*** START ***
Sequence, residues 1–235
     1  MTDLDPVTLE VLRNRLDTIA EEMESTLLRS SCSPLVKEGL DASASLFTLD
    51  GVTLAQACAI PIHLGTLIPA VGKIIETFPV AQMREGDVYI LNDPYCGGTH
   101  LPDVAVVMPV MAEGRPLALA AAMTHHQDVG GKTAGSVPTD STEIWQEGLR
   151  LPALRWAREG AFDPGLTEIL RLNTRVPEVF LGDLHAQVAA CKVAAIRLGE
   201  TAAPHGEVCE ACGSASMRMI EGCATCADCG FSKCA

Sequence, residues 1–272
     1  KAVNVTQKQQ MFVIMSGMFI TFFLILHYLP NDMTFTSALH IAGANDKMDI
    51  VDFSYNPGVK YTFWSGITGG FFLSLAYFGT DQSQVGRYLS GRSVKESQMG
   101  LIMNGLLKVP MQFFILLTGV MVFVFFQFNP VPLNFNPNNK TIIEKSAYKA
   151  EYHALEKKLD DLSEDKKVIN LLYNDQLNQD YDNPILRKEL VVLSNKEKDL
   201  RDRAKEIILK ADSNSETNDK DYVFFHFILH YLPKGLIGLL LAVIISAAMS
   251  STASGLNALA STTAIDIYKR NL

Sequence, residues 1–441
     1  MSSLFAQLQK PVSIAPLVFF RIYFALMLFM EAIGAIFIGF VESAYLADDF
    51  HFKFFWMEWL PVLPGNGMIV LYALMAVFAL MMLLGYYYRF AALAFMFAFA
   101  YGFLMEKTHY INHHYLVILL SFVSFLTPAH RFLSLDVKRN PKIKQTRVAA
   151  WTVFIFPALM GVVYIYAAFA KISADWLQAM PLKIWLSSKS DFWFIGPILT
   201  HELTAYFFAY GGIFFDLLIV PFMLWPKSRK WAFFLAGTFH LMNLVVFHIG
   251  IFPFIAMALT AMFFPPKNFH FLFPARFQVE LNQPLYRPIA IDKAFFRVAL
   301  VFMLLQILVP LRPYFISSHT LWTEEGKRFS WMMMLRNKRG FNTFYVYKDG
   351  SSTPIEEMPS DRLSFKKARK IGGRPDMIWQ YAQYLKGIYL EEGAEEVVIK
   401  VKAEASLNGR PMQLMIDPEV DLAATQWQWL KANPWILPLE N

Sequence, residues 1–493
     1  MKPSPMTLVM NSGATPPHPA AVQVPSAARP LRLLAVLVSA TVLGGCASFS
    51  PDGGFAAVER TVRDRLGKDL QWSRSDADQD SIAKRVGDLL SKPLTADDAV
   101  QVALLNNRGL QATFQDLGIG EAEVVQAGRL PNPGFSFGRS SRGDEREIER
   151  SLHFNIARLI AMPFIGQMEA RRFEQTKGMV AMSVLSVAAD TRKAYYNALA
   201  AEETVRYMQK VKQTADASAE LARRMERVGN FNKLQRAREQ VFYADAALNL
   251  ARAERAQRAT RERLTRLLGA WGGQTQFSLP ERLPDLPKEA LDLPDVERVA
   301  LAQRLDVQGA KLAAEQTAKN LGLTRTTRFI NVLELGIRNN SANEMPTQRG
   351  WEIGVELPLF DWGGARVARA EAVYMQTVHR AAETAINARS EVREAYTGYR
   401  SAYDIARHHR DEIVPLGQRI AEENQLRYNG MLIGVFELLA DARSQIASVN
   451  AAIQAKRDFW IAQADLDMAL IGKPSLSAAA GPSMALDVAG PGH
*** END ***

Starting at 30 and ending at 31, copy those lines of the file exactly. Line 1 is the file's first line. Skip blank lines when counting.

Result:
   251  ARAERAQRAT RERLTRLLGA WGGQTQFSLP ERLPDLPKEA LDLPDVERVA
   301  LAQRLDVQGA KLAAEQTAKN LGLTRTTRFI NVLELGIRNN SANEMPTQRG